Inequality and sociology: Where are we now?

Conference Highlights, Panels and Plenary

Since its beginning, Sociology has made important contribution to our understanding of socio-economic inequality. In recent years, however, much of our focus has shifted away from issues related to social class and economic inequality. This panel of CSA Outstanding Contribution Award recipients challenges sociologist to produce new knowledge in this area. The panel will discuss their own work on social class, economic inequality (both in terms of wealth and incomes) and the consequences of inequality for society and politics.

Panelists:

Patrizia Albanese, Ryerson University

Dr. Albanese is the president-elect of the Federation for the Humanities and Social Sciences. She is also chair of the Ryerson University Research Ethics Board and a past president of the Canadian Sociological Association. She is doing research and publishing in the areas of policies affecting children, youth and families, including on the well-being of youth in Canadian Forces families (with Dr. Deborah Harrison, UNB); and on how care is conceptualized in Canadian family policies (with Drs. Rachel Langford; Ryerson U; Kate Bezanson, Brock U.; and Susan Prentice, U. of Manitoba). She was interim chair of the Department of Criminal Justice and Criminology (2011-2012), interim director of the PhD in Policy Studies (2013), and interim director of Arts and Contemporary Studies (2016-2017). She is the 2018 recipient of the Canadian Sociological Association’s Outstanding Contribution Award.

Robert Anderson, Western University

Dr. Robert Andersen is Dean of Social Science at the University of Western Ontario. He previously held faculty appointments at the University of Toronto, McMaster University, University of Oxford and Brock University. Andersen’s general research interests are in political economy and social stratification. Much of his recent research explores the relationship between economic inequality and democratic attitudes and behaviours in cross-national perspective. His publications include Modern Methods for Robust Regression (Sage, 2008), and more than 70 academic papers, including articles in the Annual Review of Sociology, American Journal of Political Science, and the American Sociological Review. Andersen has also consulted for the UN, EU, Canadian Government and the Council of Ministers of Education, Canada.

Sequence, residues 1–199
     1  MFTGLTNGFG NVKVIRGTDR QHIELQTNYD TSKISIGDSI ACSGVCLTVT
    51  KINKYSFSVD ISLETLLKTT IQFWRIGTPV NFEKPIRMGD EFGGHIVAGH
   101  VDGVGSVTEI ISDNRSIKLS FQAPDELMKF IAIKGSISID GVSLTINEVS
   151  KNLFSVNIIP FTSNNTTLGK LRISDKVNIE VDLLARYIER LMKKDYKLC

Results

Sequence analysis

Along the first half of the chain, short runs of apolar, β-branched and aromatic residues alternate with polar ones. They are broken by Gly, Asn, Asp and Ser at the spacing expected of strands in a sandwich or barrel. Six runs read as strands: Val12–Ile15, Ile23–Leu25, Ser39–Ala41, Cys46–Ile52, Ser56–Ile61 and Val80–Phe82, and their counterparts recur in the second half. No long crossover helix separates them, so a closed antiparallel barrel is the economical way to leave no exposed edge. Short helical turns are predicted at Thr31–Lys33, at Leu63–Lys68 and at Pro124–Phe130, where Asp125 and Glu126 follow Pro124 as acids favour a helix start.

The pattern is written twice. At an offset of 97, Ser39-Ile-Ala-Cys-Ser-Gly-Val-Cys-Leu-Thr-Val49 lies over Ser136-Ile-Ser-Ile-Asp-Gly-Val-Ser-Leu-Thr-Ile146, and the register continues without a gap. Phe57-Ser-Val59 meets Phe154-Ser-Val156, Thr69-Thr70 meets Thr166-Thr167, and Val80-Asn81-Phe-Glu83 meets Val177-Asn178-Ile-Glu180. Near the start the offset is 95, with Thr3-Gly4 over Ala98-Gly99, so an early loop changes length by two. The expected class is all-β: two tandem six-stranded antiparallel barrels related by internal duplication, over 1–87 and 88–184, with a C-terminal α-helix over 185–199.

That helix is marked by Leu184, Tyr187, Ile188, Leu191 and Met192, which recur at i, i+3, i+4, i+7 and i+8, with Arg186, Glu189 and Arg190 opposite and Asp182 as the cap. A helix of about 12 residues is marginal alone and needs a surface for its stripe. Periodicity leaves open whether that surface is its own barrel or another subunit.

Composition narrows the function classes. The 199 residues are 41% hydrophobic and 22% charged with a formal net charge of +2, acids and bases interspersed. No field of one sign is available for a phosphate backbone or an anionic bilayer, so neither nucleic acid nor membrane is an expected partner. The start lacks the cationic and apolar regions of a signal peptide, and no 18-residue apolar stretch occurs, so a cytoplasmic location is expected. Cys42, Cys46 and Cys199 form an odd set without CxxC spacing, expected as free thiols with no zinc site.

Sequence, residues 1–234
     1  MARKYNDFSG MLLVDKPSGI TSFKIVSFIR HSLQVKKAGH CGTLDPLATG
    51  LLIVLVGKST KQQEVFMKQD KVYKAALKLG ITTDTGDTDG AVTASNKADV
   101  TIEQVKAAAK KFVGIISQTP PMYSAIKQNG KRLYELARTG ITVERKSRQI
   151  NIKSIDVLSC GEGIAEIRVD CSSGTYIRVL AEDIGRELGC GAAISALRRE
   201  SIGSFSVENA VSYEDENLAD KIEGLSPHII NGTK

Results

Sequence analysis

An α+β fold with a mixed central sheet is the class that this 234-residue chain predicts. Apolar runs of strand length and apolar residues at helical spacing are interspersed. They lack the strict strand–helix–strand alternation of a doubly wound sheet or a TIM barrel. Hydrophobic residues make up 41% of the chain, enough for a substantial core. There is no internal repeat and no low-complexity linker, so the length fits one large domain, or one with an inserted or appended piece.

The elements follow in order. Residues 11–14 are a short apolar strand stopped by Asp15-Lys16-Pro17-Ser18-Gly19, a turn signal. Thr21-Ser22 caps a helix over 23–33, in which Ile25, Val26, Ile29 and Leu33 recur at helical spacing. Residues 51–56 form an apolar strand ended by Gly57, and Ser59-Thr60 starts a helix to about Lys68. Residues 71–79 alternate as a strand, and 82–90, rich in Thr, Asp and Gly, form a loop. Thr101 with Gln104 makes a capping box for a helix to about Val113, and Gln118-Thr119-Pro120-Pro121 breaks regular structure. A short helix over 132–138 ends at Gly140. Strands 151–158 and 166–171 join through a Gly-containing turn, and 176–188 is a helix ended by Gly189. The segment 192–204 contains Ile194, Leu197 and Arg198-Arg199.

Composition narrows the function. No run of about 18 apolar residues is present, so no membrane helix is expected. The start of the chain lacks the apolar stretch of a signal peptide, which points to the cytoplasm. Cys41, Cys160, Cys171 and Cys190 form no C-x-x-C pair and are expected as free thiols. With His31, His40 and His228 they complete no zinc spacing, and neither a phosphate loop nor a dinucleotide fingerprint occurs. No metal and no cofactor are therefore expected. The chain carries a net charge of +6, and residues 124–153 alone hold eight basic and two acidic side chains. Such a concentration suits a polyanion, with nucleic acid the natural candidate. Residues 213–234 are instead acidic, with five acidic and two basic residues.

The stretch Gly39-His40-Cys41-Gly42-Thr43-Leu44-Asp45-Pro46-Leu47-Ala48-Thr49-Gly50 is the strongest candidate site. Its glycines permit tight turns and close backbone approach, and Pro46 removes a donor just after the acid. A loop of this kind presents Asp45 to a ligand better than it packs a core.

Simon Langlois, University of Laval

Simon Langlois est professeur émérite au département de sociologie de l’université Laval. Ses champs d’intérêts sont la stratification sociale et la sociologie de la consommation. Il a publié récemment Le Québec change (2017) et Refondations nationales au Canada et au Québec (2018). Il a été élu membre de la Société royale du Canada et il a été président de L’Académie canadienne des sciences sociales. Il est membre de la Société des Dix et il a reçu le prix Outstanding Contribution to the Discipline of Sociology in Canada en 2017.

 

 

Moderator:

Myrna Dawson, University of Guelph, Canadian Sociological Association President (2018-2019)

Dr. Myrna Dawson is a Professor and Canada Research Chair in Public Policy in Criminal Justice and Director of the Centre for the Study of Social and Legal Responses to Violence (CSSLRV), College of Social and Applied Human Sciences, University of Guelph. Dawson is also Co-Director of the recently-established Canadian Domestic Homicide Prevention Initiative Dawson has been an International Visiting Scholar, Faculty of Law, University of Melbourne, 2011; a TC Beirne School of Law Distinguished Visiting Fellow, University of Queensland, 2012; and a Visiting Scholar, Griffith University, Queensland, 2016, where she was recently appointed an Adjunct Professor.